Marijuana Patient in Pennsylvania Sues State After Being Denied Public Housing
Public housing doesn’t allow weed, but a recent appeals case in Pennsylvania may change that — if the plaintiff wins, that is.
Later this week, the Commonwealth Court in Indiana County will hear the case of Mary Cease, a medical marijuana patient registered with the state. In 2018, Cease applied for Section 8 federally-assisted housing, and on her application, she wrote that she was a card-carrying cannabis patient. Her application was denied on those grounds alone.
Cease told the Pittsburgh Post-Gazette that vaping cannabis weaned her off of addictive opioid painkillers she once took to control pain from multiple back surgeries. Marijuana not only helped with the pain, it also relieves the anxiety caused by post-traumatic stress.
“I’m happier than I’ve been in years,” she said about her new life with medical cannabis. “I get out and go to the library; I go shopping, spend time with friends, go to concerts… things I hadn’t been able to do before.”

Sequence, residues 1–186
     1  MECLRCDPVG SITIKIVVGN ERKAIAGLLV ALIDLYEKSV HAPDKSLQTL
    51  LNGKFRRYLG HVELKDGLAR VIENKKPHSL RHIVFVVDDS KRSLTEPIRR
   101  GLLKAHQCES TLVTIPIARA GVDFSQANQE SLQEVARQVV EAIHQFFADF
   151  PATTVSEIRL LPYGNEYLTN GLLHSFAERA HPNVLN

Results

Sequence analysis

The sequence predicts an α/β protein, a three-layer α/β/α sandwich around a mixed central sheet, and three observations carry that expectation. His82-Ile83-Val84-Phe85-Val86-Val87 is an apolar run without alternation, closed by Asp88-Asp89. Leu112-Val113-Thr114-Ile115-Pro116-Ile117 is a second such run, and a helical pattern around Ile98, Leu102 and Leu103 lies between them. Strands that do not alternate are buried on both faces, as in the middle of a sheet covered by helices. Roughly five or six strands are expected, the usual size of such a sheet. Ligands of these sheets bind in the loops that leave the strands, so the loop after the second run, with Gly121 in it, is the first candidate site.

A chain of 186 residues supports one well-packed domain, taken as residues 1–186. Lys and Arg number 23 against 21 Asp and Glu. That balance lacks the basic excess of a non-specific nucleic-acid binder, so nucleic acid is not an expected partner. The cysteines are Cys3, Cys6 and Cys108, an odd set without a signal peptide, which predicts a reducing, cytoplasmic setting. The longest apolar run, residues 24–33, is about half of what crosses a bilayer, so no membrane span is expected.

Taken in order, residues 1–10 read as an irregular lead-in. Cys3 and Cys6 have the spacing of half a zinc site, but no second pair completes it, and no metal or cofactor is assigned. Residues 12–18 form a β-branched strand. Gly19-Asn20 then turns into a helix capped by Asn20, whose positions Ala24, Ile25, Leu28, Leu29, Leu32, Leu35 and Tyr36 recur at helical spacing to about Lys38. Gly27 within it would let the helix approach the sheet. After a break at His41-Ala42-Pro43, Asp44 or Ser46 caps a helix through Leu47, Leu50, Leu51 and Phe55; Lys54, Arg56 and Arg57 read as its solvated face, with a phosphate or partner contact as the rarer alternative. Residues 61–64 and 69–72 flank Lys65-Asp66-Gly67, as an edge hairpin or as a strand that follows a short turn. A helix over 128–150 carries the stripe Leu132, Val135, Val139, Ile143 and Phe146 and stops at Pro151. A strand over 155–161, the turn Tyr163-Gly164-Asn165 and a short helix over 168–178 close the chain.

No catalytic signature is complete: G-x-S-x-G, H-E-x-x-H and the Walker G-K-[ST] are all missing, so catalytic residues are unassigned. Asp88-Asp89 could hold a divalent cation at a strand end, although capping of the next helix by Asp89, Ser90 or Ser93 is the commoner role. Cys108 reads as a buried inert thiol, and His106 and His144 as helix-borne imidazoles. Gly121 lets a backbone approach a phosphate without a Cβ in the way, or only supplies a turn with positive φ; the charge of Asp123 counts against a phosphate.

According to Pennsylvania’s rules, marijuana isn’t allowed in Section 8 housing since public housing subsidies are funded by the federal government, and the federal government considers marijuana an illegal drug as bad as heroin.
The Keystone State currently has a medical marijuana program for patients such as Cease, but no recreational pot laws at the moment. However, a recreational weed bill introduced to the state senate late last year may make it onto the governor’s desk. And if it does, Pennsylvania will become the second state after Illinois to legalize adult-use weed and sales entirely through its legislature (as opposed to a voter referendum).
Additionally, Cease’s case may get a boost if a federal bill, the Marijuana in Federally Assisted Housing Parity Act, makes it through Congress and receives Trump’s signature. The act would exempt medical weed from the US Department of Housing and Urban Development’s ban on illicit drugs in public housing. However, the law, if passed, will only apply to registered patients residing in states that have legalized medical marijuana.
In the meantime, Cease isn’t taking her chances on Congress. “The case isn’t just about me,” she told the Pittsburgh Post-Gazette. “I’m setting a precedent for thousands of other people in the same situation due to bureaucratic nonsense.”
Cease has a clean criminal record, too. “I’ve never even had a parking ticket,” she said.